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Life is for living, and wine is for drinking.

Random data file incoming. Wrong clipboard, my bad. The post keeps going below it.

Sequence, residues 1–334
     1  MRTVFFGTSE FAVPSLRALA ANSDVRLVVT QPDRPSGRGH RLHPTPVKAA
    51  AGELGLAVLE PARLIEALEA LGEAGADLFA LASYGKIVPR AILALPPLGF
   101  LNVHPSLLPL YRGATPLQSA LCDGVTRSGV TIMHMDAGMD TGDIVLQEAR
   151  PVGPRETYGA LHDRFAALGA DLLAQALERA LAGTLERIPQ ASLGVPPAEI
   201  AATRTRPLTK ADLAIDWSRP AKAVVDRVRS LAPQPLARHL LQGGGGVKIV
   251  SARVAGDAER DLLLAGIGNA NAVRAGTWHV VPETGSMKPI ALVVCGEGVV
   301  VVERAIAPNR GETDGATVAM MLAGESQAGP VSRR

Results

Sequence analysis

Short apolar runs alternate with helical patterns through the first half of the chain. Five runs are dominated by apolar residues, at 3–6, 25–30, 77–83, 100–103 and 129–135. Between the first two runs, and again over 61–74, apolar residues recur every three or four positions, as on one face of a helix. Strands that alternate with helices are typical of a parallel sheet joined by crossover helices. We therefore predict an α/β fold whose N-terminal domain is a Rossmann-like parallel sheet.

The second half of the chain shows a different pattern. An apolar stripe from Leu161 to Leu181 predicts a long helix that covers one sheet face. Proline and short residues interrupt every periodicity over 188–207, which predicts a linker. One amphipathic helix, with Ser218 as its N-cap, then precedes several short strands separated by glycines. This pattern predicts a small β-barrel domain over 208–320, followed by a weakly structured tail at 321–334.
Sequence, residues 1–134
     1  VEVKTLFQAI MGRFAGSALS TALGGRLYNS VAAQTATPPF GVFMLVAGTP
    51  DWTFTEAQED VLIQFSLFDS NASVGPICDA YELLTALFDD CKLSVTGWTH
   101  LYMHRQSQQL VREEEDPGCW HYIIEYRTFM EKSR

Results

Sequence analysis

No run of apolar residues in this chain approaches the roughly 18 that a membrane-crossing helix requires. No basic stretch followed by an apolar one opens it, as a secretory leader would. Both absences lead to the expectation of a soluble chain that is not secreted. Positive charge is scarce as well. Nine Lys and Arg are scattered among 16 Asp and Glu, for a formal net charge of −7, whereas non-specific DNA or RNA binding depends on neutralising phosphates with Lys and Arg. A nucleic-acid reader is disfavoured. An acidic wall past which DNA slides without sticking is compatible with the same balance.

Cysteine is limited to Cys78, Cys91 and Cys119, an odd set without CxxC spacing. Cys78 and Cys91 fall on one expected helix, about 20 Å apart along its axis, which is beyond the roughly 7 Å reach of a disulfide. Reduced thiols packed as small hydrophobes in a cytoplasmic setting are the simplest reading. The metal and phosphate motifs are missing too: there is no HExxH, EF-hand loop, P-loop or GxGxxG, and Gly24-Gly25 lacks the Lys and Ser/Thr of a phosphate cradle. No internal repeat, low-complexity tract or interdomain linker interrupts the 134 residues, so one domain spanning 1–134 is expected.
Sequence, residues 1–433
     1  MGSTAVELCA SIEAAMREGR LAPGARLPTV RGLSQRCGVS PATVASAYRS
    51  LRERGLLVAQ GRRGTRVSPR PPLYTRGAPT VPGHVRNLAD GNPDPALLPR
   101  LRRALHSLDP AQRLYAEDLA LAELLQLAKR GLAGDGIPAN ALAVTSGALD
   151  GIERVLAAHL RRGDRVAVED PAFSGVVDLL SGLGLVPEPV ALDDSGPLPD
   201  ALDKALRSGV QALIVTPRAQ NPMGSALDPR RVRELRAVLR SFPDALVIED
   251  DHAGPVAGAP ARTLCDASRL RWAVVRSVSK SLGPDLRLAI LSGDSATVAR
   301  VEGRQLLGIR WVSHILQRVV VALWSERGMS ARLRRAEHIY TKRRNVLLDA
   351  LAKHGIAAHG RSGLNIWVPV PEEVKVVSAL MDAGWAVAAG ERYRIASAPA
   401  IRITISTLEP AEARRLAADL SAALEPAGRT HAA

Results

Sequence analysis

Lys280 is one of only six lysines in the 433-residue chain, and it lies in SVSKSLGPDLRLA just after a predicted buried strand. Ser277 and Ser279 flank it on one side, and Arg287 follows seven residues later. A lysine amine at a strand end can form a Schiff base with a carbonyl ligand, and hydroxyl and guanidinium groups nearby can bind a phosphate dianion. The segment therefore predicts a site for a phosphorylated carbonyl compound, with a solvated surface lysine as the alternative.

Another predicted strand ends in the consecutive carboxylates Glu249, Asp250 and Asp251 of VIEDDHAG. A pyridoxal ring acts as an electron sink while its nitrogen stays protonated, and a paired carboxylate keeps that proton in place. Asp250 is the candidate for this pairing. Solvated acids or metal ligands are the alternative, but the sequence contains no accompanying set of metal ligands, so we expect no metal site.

I once said: “There is nothing so sad as an empty wine-rack”. I can improve on that: “There is nothing so sad as a wine-rack filled with over-the-top, past-their-best wines”. The latter statement is better, or worse, rather, because it represents so many missed opportunities. One assumes the owners procrastinated, and then never did.  Mrs. to Mr. Jones: “Shall we open some of the 1999 Lynch-Bages, dear, it`s my fiftieth after all.” His reply: “Oh no, sweetheart, it`s way too good to share with Clive and Marge and the Pickles; you know they don`t appreciate fine wine”.  Of course, that may be true. If the Joneses guests are unlikely to appreciate the opening of such a delectable beverage, then perhaps it would be best saved for another occasion.  Or just maybe they would have blown Clive and Marge and the Pickles away with it, the name Lynch-Bages forever a reminder of the Joneses generosity. Such moments have ignited the passions of most oenophiles at some time or other, it`s how we start our wine journeys. Sadly, I have witnessed too many cellars with OTT aged wines to know better, that far too many people like the Joneses hold back, deferring the moment. The more expensive the wine, the less likely it will ever be opened. So, it was with great pleasure that today in the shop a customer confided in me that he had, during the lockdown, been tucking into his finer vintages. It was `a Covid thing` he said – the feeling, ah what the heck! What are we waiting for? And a sentiment I share absolutely, having helped drink up some of my late father`s special bottles. Impossible not to think how he should have enjoyed them while he was here.  Of course, there is a point to cellaring, I`m not saying otherwise. I`m just urging you hoarders out there not to wait too long. Life is for living, and wine is for drinking. Cheers everyone!

 

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